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His firm, Hope and Klem, believed strongly, along with the town clerk William Bold, in the garden suburbs movement in which there was no gridiron pattern to streets, a promotion of open space and curvilinear streets that followed the contours of the land and preserved the local indigenous flora.
This was in large contrast to the uncoordinated sprawl that happened in Perth where developer requirements meant every inch of land was attempted to be made saleable. In the 1920s, subdivision was generally unregulated and piecemeal with little proper attention to town planning principles.
Hope and Klem’s design was unique at its time, with very different structure and form to other subdivisions. Klem stated: “I found it necessary to design more than a skeleton plan in order to protect those ideals so dear to the hearts of town planners, and vitally necessary when it is considered that the embodiment of these ideals will influence in a very large measure the social, moral and physical welfare of future generations”.
Klem was very specific in regards to minimum lot sizes, setbacks and ensuring there was a ban on terraced housing. He considered this integral to upholding the “garden suburbs” design. He also specified that “no two buildings of similar or near design be approved if adjoining on either side”.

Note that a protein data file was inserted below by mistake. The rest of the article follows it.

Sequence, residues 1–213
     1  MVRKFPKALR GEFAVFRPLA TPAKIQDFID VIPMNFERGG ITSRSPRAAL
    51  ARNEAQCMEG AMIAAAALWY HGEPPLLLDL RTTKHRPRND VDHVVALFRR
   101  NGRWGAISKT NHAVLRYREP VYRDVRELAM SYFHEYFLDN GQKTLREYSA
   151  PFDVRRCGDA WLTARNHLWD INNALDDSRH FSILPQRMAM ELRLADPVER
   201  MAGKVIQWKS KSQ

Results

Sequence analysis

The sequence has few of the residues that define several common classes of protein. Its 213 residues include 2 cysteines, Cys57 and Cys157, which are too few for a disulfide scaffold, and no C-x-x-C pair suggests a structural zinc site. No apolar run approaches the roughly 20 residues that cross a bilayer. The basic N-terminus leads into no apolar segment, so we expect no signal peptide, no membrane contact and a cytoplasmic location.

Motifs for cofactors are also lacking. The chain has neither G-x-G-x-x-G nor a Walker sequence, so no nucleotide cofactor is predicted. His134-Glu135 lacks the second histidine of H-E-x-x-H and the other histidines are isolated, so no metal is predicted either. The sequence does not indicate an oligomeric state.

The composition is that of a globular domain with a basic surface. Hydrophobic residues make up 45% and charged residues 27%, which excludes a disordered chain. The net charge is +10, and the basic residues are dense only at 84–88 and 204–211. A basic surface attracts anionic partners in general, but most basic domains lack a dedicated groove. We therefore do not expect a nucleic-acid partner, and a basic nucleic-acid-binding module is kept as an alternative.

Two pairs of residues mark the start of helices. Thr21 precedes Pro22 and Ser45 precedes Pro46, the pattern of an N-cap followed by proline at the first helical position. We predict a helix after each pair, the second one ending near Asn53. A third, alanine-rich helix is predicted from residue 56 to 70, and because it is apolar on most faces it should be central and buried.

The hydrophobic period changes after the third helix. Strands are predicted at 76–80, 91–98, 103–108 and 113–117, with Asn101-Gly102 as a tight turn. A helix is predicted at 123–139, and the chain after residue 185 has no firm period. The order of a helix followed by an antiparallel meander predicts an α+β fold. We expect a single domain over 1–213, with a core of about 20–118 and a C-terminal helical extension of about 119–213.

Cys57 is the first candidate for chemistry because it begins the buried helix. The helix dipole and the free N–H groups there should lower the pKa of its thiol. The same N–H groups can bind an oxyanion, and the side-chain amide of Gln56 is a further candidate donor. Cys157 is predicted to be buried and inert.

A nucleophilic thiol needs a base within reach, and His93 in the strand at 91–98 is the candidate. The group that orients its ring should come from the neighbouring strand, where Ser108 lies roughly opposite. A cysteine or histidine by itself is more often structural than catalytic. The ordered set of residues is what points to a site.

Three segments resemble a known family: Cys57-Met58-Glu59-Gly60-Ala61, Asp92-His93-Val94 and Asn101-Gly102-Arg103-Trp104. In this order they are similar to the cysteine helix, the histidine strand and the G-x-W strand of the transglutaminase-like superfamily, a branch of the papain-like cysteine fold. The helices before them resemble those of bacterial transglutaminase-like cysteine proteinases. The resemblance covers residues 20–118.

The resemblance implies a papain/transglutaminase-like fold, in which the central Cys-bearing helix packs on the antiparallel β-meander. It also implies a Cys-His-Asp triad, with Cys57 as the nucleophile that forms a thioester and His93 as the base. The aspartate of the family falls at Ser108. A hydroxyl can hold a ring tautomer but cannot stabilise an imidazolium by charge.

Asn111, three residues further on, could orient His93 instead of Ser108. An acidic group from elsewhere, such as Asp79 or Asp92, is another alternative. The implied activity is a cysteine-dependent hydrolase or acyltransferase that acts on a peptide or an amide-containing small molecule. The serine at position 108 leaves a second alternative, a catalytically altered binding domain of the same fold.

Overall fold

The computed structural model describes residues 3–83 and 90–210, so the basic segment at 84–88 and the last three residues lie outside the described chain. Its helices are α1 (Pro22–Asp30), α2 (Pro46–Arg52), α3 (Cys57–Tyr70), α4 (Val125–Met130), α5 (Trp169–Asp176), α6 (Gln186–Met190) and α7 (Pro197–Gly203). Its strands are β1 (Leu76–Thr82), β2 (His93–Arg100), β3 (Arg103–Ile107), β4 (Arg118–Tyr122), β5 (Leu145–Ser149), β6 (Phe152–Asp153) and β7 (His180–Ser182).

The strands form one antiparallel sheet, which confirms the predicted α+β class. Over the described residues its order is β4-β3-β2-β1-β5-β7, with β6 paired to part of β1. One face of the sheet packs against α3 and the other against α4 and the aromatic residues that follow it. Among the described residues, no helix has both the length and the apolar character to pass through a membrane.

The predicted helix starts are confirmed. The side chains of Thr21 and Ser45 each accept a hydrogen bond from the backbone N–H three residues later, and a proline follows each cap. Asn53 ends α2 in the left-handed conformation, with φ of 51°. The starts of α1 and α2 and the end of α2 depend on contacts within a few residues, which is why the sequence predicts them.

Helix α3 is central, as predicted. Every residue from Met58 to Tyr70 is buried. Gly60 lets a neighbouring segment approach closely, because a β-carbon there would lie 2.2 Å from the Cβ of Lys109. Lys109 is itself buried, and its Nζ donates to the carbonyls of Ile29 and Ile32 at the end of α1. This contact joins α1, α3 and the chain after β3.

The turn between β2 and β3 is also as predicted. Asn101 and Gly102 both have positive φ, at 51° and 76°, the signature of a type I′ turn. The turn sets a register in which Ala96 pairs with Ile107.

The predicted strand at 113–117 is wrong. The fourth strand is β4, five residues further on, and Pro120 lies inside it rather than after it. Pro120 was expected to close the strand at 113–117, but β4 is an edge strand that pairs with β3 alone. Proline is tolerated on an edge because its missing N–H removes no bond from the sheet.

Zoning regulations were strict in this way and in other places in Australia where these regulations have been altered it has been noted that the garden suburb design’s integrity and intentions are in large part lost.
The way in which contours of the land determine the layout was unique at the time and Hope and Klem had a lasting influence on how town planning progressed from this point on.
Klem's town planning principles were specifically to ensure a strong local community could prosper. Excessive cars on curved roads will interrupt the many children who meet on the street to play together, one of many of the things that make these suburbs “something special”.
The street pattern does not lend itself to car street parking, which would inevitably occur if there were four or six residences where previously there was one with limited car bays on those altered blocks. There is also no easy definition